Gay dads everywhere may wonder the same thing: what is it like emotionally knowing you're not the biological father to your child? The dads we spoke with were very open about what that feels like, and they realized that not being the bio dad is a lot like being the bio dad. Many of the non-bio dads we spoke with related the experience to being a father in the more traditional sense.

Whether it's a man and a woman, a man and a man, or a single man, there is a different connection for dads since they don't physically carry the baby. Both dads are the "real" dad, and both become fathers at the same time.

One Circle dad said, "I was worried that when the baby was born, my husband would have a stronger connection to our baby than I would, but the moment he was born, everything changed. That moment was so full of love and excitement and pure joy that all of those worries washed away."

Upon the arrival of their babies, the dads were reminded that genetics are only a small piece of a much bigger picture. All the dads we spoke with agreed that whether they had a genetic connection or not, once their baby(ies) arrived, they were a dad. We were lucky enough to speak with a Circle dad who has now experienced not being the bio dad to his first child, but being the bio dad to his second baby due next year.

He and his husband are expecting another child in the spring of 2020 and he now realizes that he has no more connection to this baby girl of whom he is the bio dad, than he had with his son. One of the only differences is that he now feels more responsibility in the success of this second journey since it was his embryo. He placed more pressure on himself during the transfer, ultrasounds, and other milestones in fear that if something were to go wrong, it would be his failure. This was one of the only ways in which this experience was different than the first.

When asked if he felt less connected to the baby that he was not the bio dad for, another Circle dad said, "I absolutely did not. I fell head over heels in love with my son and I knew he was not my biological child. The bond between us is unbreakable. He is my reason for breathing and in many ways so much more "like me" than his bio dad. We share the same taste in music, TV shows, and movies. We simply get each other. He's my mini me in every way except biology. He's my little friend."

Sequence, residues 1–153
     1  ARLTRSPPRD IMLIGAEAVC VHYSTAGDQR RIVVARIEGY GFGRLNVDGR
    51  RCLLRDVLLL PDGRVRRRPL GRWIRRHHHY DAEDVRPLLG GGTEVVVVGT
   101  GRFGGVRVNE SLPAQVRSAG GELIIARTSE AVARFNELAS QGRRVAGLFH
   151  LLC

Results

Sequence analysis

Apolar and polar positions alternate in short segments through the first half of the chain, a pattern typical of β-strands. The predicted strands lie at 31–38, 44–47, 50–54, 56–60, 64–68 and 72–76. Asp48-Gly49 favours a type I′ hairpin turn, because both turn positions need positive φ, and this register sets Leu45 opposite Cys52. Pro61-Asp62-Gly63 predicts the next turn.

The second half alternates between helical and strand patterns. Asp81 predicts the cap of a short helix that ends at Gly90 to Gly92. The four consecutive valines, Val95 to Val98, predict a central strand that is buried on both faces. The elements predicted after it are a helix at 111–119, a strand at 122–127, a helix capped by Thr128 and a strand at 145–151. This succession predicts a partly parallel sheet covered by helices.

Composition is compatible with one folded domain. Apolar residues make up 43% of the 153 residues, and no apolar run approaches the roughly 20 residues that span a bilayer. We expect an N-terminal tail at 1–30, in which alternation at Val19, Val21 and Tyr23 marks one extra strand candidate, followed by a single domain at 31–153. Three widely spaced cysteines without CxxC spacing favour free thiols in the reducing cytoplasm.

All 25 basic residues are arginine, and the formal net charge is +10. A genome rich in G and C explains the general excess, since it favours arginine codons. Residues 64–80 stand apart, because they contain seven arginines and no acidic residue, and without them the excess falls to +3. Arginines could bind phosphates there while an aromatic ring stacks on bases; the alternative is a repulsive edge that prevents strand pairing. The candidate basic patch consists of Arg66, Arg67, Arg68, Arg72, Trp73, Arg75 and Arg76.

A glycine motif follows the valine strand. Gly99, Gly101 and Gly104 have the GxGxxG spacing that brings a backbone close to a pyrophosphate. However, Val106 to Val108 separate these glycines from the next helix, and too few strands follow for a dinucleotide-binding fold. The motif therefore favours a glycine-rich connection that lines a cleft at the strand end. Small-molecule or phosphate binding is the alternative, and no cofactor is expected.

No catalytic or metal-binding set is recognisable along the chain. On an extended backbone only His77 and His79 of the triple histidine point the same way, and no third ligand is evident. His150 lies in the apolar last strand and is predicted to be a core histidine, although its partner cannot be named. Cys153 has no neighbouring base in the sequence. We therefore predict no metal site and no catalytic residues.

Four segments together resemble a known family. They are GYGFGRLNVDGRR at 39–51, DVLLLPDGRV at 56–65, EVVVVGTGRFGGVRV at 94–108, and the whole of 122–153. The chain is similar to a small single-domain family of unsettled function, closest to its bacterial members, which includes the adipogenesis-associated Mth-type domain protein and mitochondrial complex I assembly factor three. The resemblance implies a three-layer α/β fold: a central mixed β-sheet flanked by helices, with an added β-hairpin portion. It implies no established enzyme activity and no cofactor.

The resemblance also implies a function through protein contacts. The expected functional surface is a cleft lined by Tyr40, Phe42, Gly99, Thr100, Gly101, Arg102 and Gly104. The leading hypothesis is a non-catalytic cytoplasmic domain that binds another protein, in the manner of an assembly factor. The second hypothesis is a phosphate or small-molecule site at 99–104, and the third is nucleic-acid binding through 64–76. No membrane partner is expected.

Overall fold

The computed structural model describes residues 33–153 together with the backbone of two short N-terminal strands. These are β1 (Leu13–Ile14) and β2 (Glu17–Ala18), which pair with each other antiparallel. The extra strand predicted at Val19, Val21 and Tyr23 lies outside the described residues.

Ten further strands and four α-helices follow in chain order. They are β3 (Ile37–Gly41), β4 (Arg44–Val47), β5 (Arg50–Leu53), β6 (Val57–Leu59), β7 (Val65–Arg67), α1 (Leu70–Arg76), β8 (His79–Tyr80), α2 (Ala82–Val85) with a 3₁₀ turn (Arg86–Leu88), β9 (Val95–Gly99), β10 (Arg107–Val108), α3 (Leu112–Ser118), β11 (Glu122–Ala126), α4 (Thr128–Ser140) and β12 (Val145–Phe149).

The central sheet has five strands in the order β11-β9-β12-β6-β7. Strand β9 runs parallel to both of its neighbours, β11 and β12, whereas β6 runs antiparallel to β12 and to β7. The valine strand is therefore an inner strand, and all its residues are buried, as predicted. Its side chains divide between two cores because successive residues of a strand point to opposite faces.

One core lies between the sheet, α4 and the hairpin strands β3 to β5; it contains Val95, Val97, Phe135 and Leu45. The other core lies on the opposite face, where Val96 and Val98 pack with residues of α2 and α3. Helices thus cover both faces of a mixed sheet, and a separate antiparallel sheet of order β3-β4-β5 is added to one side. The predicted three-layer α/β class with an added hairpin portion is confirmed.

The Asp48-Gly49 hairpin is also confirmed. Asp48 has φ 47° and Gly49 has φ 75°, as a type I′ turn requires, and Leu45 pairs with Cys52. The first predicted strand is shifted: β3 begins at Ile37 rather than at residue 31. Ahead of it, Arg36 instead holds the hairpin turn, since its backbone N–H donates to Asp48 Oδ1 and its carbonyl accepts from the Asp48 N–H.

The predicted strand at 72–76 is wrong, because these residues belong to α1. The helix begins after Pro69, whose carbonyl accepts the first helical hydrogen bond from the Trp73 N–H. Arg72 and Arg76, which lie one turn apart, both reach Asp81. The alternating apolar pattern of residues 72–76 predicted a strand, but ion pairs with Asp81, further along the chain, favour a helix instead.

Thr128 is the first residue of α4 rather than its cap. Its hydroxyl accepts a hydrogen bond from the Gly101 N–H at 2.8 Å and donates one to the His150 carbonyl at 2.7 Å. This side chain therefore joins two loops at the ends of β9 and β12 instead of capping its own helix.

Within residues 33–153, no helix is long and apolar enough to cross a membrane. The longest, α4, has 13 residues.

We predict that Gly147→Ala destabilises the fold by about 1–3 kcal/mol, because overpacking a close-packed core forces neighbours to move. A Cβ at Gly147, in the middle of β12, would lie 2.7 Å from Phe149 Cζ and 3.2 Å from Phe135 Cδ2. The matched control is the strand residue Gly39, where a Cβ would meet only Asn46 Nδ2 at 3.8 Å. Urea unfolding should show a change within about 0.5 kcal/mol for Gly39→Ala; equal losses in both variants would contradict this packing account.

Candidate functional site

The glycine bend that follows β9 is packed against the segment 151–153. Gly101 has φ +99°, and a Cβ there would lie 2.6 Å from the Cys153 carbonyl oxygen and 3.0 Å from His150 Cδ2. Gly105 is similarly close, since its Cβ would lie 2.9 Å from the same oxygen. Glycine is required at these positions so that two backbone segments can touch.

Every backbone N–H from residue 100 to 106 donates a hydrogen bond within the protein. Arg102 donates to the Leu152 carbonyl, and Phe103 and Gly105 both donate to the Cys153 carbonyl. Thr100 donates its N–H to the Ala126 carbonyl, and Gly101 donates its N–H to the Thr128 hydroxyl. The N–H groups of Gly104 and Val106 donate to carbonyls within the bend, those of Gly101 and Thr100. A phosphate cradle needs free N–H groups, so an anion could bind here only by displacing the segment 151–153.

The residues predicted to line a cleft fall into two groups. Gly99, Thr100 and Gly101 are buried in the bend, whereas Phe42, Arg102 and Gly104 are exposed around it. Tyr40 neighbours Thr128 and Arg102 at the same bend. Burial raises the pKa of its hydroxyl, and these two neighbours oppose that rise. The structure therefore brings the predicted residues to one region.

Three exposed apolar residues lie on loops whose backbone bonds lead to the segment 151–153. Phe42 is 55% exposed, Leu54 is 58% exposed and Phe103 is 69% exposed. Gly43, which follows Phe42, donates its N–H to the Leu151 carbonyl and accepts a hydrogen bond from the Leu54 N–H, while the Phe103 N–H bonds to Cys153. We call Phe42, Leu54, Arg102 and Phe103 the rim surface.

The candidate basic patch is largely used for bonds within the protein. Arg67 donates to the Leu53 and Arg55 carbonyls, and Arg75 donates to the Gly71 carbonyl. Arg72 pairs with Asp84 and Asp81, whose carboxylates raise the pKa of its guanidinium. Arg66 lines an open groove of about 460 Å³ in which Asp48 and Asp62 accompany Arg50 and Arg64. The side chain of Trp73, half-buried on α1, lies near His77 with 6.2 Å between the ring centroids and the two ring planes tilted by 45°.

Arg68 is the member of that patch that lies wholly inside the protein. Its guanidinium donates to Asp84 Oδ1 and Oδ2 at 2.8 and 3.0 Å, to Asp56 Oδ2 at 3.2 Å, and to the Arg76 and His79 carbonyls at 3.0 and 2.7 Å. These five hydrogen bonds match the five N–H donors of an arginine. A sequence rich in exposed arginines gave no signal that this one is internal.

***

Who will be the biological father to your child(ren) is a very personal decision. Or, if there is a genetic or medical reason for one dad to not donate his biology, the decision may be made for you. Either way, it's one of the first big decisions you'll make as a couple in the egg donation and surrogacy process. And it's perfectly okay to not tell others who the bio dad is, or if you do want to share the news, wait until the baby is born. Each journey is different, and how dads manage the emotions of fatherhood – biological or not – are just as unique.

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What Professionals Will I Work With on a Surrogacy Journey?

There will be LOTS of people involved in your surrogacy journey. Kristin Marsoli of Circle Surrogacy breaks down the team of people you can expect to work with.

A surrogacy journey, while monumental, is also a complex process with multiple milestones, many of which are new territory for intended parents. You will likely form the strongest relationships with your egg donor and surrogate, however there are many other professionals who you'll encounter on your journey who will educate and support you on your way to parenthood.

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Parent Outreach Team

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Circle's Parent Outreach Team

Egg Donation Matching Coordinator

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IVF Doctor and Clinic Coordinators

You'll work closely with your IVF clinic professionals, including coordinators and, especially, your doctor. Your IVF doctor will advise you on your IVF journey and embryos, evaluate your egg donor and surrogate to determine they are ready for the process medically, and perform the egg retrieval and embryo transfer. Some intended parents come to surrogacy having already identified a clinic, others look for guidance in choosing a clinic that will best suit their needs.

Program Manager and Coordinator

Perhaps the professionals you will work the closest with will be your Program Manager (PM) and Program Coordinator (PC). As your journey support team, your PC and/or PM will be your day-to-day contact during your entire journey, from the moment you sign on with the agency, until the birth of your baby and beyond. Your PC and your PM ensure that you are meeting every milestone, having a smooth journey, and preparing for the arrival of your baby(ies).